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The Law Blogger is a law-related blog that informs and discusses current matters of legal interest to readers of The Oakland Press and to consumers of legal services in the community. We hope readers will  find it entertaining but also informative. The Law Blogger does not, however, impart legal advice, as only attorneys are licensed to provide legal counsel.
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Tuesday, September 3, 2013

Same-Sex Marriage: State Legislatures to County Family Courts

Here come the lawsuits.  In the wake of the SCOTUS ruling in June striking down same-sex marriage bans and granting federal benefits to same-sex married couples, many couples are finding their way to court houses across the country.

Most states that have what could be called "gay-friendly" legislatures, something that we would expect changes over time, have already passed laws specifically granting gay couples the right to marry in a dozen states.  So the strategy among proponents of the notion of gay marriage has shifted from the state capitols to the county courthouses.

In Santa Fe County, NM, for example, a family court judge ordered the county clerk's office to issue marriage licenses to couples without regard to their gender or sexual orientation, ruling within a brief hearing that doing so was now unconstitutional.  At the time of this blog post, 7 counties in New Mexico have followed suit.

In neighboring Texas, the Supreme Court has scheduled oral arguments for November in two cases where same-sex married couples were granted divorces from Texas county family courts.  The Texas Attorney General has intervened in the divorce proceedings, asserting the divorces issued by the family courts are invalid because they implicitly recognize same-sex marriage; something proscribed by Texas law.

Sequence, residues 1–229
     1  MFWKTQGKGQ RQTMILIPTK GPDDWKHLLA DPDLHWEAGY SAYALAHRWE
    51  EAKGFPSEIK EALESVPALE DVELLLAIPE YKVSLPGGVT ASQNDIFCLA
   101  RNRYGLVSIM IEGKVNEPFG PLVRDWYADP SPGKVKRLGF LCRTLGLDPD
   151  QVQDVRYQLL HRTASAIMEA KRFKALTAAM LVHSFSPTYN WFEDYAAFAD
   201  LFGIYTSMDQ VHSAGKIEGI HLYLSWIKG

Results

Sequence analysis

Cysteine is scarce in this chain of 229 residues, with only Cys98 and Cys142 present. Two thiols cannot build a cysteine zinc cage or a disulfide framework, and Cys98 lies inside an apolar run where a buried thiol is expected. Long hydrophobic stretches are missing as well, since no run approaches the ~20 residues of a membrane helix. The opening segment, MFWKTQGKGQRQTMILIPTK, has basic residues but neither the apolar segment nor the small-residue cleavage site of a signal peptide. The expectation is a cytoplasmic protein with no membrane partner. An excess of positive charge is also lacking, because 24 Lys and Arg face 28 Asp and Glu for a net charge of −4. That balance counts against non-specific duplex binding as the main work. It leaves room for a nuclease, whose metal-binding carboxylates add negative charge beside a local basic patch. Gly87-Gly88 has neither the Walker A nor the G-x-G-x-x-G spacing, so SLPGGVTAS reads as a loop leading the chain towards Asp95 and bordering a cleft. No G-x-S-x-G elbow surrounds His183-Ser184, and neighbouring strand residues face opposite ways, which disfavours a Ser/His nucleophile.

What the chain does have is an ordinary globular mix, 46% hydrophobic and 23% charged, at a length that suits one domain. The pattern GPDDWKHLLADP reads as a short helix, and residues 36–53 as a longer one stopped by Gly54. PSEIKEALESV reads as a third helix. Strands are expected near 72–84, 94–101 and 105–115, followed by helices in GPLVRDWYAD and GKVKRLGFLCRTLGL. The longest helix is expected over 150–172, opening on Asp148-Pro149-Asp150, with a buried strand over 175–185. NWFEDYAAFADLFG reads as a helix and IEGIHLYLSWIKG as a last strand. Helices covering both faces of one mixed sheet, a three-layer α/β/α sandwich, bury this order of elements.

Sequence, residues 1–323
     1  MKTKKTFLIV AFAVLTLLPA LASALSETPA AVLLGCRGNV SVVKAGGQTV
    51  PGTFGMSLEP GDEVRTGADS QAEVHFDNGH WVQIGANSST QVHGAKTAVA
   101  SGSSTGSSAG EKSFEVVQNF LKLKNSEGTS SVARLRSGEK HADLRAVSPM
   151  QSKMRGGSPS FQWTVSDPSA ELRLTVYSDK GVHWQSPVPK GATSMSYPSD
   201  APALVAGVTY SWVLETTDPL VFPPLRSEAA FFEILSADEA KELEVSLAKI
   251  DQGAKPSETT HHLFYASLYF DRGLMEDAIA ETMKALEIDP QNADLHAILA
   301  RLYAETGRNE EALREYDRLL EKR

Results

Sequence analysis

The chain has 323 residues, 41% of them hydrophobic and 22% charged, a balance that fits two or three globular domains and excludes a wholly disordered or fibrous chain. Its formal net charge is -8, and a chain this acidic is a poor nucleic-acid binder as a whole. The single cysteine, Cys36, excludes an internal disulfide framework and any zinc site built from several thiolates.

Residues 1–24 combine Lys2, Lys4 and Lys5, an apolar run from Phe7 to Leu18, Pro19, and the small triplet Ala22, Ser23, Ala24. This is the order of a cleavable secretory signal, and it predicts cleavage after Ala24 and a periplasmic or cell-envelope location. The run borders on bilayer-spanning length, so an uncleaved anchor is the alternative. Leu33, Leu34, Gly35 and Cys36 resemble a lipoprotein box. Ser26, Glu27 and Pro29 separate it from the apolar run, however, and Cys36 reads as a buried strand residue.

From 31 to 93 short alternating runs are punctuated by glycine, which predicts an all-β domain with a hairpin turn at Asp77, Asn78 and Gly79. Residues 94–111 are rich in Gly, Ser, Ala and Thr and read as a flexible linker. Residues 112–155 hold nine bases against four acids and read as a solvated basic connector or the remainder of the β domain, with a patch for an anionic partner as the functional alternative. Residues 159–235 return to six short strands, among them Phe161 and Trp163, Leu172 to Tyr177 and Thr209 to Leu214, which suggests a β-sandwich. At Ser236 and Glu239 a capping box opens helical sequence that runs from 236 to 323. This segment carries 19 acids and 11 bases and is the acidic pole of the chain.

Cases in Tennessee and Kentucky are also percolating through the state courts, testing state laws proscribing same-sex marriage.  In one of the several cases pending in Kentucky, one-half of a same-sex married couple is on trial for murder and the issue in the court is whether his "better-half" can be compelled to testify, or whether he should be granted spousal immunity.

In another high-profile case from Franklin County, Kentucky, a same-sex couple filed suit against the Governor on grounds that Kentucky's outright constitutional ban of same-sex marriages violates the Equal Protection clauses of the U.S. and Kentucky constitutions.  This is the same issue that was decided in California in the SCOTUS Windsor case.

Currently, there are too many same-sex marriage cases to track unless you are a law professor or law student writing a law review article on the subject.  Unlike the SCOTUS' 1973 Roe v Wade decision, considered the height of judicial activism, which created a sweeping constitutional ban on anti-abortion legislation, last term's same-sex marriage decision adopted a state-by-state approach.

While the momentum toward recognition of same-sex marriage as a civil right has gained steam since we here at the Law Blogger picked-up on the issue back in 2009, it will take at least a quarter century for the current dust to settle.  At least that is our prediction.

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